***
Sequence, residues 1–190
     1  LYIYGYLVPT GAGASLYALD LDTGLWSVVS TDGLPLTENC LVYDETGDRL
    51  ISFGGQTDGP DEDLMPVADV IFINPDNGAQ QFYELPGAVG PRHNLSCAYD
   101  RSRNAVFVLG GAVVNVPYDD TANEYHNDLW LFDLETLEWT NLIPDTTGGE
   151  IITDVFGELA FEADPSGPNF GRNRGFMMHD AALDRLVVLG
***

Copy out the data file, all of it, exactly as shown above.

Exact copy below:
Sequence, residues 1–190
     1  LYIYGYLVPT GAGASLYALD LDTGLWSVVS TDGLPLTENC LVYDETGDRL
    51  ISFGGQTDGP DEDLMPVADV IFINPDNGAQ QFYELPGAVG PRHNLSCAYD
   101  RSRNAVFVLG GAVVNVPYDD TANEYHNDLW LFDLETLEWT NLIPDTTGGE
   151  IITDVFGELA FEADPSGPNF GRNRGFMMHD AALDRLVVLG